Many farms depend on professional manure applicators to deliver important nutrients to the field. As an example, the for-hire manure application industry serving Wisconsin handles approximately 7 billion gallons of liquid manure annually. That’s enough manure to cover a football field, including end zones, just over 3 miles deep. And while the percentage of manure handled by the industry hasn’t changed much over the past decade, the equipment used is constantly evolving.
Switching to more big rigs
The annual directory of manure applicators, compiled by the University of Wisconsin–Madison Division of Extension since 2003, includes information about the equipment used by more than 200 for-hire manure applicators. These businesses range from a single truck or manure spreader to larger application firms that handle more than 300 million gallons annually.
The most obvious trends over the past 20 years are the rising number of semis used to move manure, and, more recently, the dramatic shift to technologies that use less fuel and/or are more labor efficient. This change was forced by the challenges of finding high-quality seasonal employees.
Since 2003, the number of semis used to move manure from the farm to the field has risen from 68 to 637, with growth propelled by both the need to move manure longer distances and the adoption of roadside manure transfer systems. Moving manure by semi is more time and cost efficient for greater distances. It is preferred by livestock producers because roadside transfer systems, which avoid vehicles entering and leaving the field, do not track mud or manure onto the road, improving safety and reducing neighbor concerns.
The challenge of finding qualified commercial drivers license (CDL) drivers has led to a dramatic shift in the trend since 2020, with many manure applicators shifting from employing in-house drivers to using owner/operators who move from job to job, either with their own semi and tanker or who rent a tanker from farmers or other manure applicators. Between 2021 and 2022, the number of owner/operators in Wisconsin jumped from fewer than 10 to 60, while semis and tankers operated by manure applicators dropped for the first time. This approach means that drivers move between forage, manure, grain, and non-ag loads weekly, if not daily. If it rains too much on one side of a county, for instance, these more nimble operators can quickly adjust and assist livestock producers, forage operations, and manure applicators where it did not rain as much.
More hose, less diesel
Many of the semis are used for roadside transfer systems, with one or more manure tankers or dragline systems applying in the field. The total miles of mainline hose has leveled off at just over 350 miles in the state, but the diameter of the hose used has expanded dramatically. In 2014, around 75% of the manure hose in use was 6-inch, while 25% of hoses were 8 or 10-inch. In 2022, only 15% of the hose was 6-inch, with 226 miles of 8-inch diameter hose (64% of the total) in use.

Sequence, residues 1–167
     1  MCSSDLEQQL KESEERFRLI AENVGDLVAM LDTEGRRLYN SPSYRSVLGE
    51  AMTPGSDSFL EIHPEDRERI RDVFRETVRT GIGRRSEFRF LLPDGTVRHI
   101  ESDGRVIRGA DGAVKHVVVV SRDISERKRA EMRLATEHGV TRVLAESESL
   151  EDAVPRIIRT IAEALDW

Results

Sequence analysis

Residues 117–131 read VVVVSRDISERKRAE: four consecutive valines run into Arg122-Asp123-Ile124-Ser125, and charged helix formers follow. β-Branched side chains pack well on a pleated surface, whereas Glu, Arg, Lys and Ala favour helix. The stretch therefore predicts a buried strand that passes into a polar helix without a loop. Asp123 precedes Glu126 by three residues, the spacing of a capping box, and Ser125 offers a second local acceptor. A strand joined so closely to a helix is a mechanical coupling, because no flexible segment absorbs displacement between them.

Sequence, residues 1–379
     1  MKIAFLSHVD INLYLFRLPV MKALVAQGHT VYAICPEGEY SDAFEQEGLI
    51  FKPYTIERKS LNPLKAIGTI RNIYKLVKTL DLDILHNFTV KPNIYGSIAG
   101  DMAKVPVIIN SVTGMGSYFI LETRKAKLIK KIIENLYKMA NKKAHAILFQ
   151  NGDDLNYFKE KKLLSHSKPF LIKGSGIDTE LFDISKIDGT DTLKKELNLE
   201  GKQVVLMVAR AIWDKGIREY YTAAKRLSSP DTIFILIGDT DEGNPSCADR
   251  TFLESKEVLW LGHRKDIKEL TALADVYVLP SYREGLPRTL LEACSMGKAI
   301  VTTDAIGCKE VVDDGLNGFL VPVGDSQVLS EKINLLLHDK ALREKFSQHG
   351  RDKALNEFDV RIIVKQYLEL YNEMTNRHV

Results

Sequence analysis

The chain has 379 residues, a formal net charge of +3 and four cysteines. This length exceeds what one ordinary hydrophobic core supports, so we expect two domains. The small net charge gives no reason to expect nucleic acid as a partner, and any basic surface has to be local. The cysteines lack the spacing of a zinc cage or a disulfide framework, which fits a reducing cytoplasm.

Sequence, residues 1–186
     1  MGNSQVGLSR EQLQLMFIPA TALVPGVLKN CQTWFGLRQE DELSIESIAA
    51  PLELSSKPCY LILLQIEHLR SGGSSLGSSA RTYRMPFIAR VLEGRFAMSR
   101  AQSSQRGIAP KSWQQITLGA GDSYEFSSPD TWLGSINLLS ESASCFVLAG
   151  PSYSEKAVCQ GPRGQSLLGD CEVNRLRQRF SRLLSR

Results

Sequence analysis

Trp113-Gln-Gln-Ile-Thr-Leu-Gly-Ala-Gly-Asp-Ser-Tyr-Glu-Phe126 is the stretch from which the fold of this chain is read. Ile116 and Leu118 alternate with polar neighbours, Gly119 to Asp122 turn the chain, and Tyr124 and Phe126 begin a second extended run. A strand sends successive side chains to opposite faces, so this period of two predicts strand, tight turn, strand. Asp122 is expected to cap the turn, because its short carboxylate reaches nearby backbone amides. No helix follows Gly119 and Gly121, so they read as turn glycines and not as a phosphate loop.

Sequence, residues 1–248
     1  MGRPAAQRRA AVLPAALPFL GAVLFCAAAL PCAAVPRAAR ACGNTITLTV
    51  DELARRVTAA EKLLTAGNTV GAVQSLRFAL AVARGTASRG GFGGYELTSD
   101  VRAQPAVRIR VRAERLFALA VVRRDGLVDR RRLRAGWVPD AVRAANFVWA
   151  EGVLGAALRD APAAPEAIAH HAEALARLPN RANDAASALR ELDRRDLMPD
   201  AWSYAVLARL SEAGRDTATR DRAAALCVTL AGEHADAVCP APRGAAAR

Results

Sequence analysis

A larger hose means less diesel per gallon of manure moved because the larger diameter reduces friction loss. Higher volumes per minute through the hose result in the ability to cover more acres per hour, sometimes by being able to feed two different crews with 6-inch lines from a single 8-inch main.
Diesel fuel savings are one reason manure agitation boats have grown in popularity in Wisconsin from seven in 2011 to 113 in 2022. The combination of fuel savings (60% to 80% compared to tractor-mounted agitators) and the ability to agitate larger storages more efficiently have reduced costs both for applicators and the livestock producers providing fuel for the manure storage agitation.
Some tools lag behind
The data also shows a much slower adoption rate for technologies that do not have the labor savings or fuel savings. This includes low disturbance toolbars and real time nutrient sensors.
Low-disturbance injection toolbars on both dragline systems and manure tankers can dramatically reduce soil erosion and make it easier for livestock producers and farmers who take manure and sell feed to livestock farms to meet conservation compliance requirements. After a quick doubling of the toolbars in use from 2017 to 2020, numbers have now leveled off. Part of the reason may be the lower application rate chosen by many livestock producers, which reduces the number of acres that manure can be applied to in a day.
Another technology with lower than expected adoption by the for-hire manure application industry in Wisconsin is real-time nutrient sensors. These sensors measure nitrogen (N), phosphorus (P), potassium (K), and dry matter and allow the manure applicator to vary the rate based on the nutrient content of the manure. Interest and adoption of the technology has been greater in states with more swine manure, where the cash grain farmer receives manure based payments for the manure on the nutrient value. Varying the rate can mean avoiding a second trip across the field to apply fertilizer in more highly productive portions of the field.
Adoption rates of technologies that benefit both the manure applicator and the farmer equally tend to be more in the middle. In 2022, 76% of the manure applicators with dragline systems offered GPS as-applied rate mapping to their customers. As-applied mapping provides both the applicator and livestock producer with documentation that their manure was applied at the right rate in the right location. Hopefully, technology such as this will become more mainstream over time.
This article appeared in the November 2023 issue of Journal of Nutrient Management on pages 22-23. Not a subscriber? Click to get the print magazine.